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BROMIDES IN THE TREATMENT OF EPILEPSY IN CHILDREN

BROMIDES IN THE TREATMENT OF EPILEPSY IN CHILDREN BROMIDES were the first effective treatment for epilepsy. Sir Charles Locock1 reported on their use in epilepsy in 1853, and for many years they were widely used. Today, however, because of the enthusiasm for the newer anticonvulsant drugs, bromides are not used very extensively. Some physicians even consider bromides to be of historical interest only. Several recent reviews on the treatment of epilepsy mentioned the past importance of bromides and then dismissed the drugs as "ineffective" and "possessing many undesirable side reactions."2 In this clinic bromides are still considered to be a valuable anticonvulsant. Since this appears to be contrary to the prevailing opinion, it seems worth while to report our experience with the use of bromides in the treatment of epilepsy in children. MATERIAL AND METHODS Selection of Patients.—A total of 196 epileptic children with severe organic brain lesions evidenced by mental retardation, hemiplegia, or other http://www.deepdyve.com/assets/images/DeepDyve-Logo-lg.png American journal of diseases of children American Medical Association

BROMIDES IN THE TREATMENT OF EPILEPSY IN CHILDREN

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Publisher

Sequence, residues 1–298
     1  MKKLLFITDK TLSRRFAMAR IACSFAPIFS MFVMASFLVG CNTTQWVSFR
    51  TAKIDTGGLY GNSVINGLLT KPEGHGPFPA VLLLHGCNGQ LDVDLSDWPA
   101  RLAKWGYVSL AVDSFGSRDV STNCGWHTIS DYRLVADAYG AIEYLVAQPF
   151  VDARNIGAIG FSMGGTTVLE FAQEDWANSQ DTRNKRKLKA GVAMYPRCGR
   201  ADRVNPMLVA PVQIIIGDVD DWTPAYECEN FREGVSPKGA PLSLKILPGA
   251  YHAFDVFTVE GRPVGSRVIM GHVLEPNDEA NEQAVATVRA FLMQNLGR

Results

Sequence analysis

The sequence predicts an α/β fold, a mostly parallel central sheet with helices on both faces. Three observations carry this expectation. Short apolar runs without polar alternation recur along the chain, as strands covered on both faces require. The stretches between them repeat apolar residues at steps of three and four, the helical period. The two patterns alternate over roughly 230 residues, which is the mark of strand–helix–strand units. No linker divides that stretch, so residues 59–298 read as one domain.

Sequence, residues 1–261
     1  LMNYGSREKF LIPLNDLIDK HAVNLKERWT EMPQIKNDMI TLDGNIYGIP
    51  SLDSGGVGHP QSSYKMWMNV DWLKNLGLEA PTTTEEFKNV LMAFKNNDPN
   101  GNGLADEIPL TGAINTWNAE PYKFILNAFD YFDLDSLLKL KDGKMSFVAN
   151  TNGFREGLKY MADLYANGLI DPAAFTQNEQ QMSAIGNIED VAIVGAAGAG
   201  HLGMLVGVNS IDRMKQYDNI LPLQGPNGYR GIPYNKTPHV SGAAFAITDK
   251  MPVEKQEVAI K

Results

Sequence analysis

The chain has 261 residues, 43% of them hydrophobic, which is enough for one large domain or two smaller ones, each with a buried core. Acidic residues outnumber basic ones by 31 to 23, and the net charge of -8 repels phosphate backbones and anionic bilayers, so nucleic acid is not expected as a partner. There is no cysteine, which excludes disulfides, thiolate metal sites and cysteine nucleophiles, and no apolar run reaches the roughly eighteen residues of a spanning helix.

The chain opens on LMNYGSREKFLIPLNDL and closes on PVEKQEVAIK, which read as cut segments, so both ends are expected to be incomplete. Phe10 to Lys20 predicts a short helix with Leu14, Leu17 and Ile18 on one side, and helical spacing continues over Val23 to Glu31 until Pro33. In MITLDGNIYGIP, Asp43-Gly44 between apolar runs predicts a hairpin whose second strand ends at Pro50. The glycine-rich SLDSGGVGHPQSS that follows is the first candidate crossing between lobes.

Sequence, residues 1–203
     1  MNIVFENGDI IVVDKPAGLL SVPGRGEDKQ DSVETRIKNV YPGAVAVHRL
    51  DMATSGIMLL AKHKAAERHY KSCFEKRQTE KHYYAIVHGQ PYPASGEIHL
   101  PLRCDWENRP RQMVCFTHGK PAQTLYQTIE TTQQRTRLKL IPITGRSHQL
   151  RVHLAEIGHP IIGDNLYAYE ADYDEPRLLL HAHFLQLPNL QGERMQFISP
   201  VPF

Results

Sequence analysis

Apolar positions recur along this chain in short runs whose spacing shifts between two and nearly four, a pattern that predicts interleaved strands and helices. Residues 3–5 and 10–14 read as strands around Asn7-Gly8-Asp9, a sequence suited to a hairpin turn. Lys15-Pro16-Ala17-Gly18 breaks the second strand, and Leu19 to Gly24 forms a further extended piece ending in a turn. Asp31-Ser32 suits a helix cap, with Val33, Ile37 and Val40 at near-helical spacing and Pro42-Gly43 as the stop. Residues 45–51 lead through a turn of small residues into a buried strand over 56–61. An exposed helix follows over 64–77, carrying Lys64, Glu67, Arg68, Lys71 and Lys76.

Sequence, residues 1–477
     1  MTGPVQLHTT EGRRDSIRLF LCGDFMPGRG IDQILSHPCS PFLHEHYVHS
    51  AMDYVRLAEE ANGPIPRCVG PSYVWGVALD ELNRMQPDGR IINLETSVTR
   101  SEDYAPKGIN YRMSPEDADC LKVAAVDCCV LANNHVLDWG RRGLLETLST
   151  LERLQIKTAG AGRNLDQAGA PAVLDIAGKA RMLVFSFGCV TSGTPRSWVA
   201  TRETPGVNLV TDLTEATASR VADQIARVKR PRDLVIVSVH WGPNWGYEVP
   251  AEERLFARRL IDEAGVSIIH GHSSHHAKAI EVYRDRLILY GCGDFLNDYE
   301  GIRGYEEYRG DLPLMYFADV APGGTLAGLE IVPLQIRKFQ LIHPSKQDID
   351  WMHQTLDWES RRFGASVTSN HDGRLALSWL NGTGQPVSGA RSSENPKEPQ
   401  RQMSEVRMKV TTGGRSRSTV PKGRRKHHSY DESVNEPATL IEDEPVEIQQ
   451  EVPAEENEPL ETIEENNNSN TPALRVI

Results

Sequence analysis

American Medical Association
Copyright
Copyright © 1953 American Medical Association. All Rights Reserved. Applicable FARS/DFARS Restrictions Apply to Government Use.
ISSN
0096-8994
eISSN
1538-3628
DOI
10.1001/archpedi.1953.02050080732002
Publisher site
See Article on Publisher Site

Abstract

BROMIDES were the first effective treatment for epilepsy. Sir Charles Locock1 reported on their use in epilepsy in 1853, and for many years they were widely used. Today, however, because of the enthusiasm for the newer anticonvulsant drugs, bromides are not used very extensively. Some physicians even consider bromides to be of historical interest only. Several recent reviews on the treatment of epilepsy mentioned the past importance of bromides and then dismissed the drugs as "ineffective" and "possessing many undesirable side reactions."2 In this clinic bromides are still considered to be a valuable anticonvulsant. Since this appears to be contrary to the prevailing opinion, it seems worth while to report our experience with the use of bromides in the treatment of epilepsy in children. MATERIAL AND METHODS Selection of Patients.—A total of 196 epileptic children with severe organic brain lesions evidenced by mental retardation, hemiplegia, or other

Journal

American journal of diseases of childrenAmerican Medical Association

Published: Dec 1, 1953

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